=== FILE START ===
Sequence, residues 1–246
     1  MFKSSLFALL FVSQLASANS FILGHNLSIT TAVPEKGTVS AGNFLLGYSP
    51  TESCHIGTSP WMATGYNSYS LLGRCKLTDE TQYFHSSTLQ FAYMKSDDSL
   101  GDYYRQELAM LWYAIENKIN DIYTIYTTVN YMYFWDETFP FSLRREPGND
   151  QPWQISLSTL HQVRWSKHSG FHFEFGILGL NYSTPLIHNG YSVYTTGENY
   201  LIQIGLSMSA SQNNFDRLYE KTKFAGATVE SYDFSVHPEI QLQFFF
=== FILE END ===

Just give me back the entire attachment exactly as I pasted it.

Sequence, residues 1–246
     1  MFKSSLFALL FVSQLASANS FILGHNLSIT TAVPEKGTVS AGNFLLGYSP
    51  TESCHIGTSP WMATGYNSYS LLGRCKLTDE TQYFHSSTLQ FAYMKSDDSL
   101  GDYYRQELAM LWYAIENKIN DIYTIYTTVN YMYFWDETFP FSLRREPGND
   151  QPWQISLSTL HQVRWSKHSG FHFEFGILGL NYSTPLIHNG YSVYTTGENY
   201  LIQIGLSMSA SQNNFDRLYE KTKFAGATVE SYDFSVHPEI QLQFFF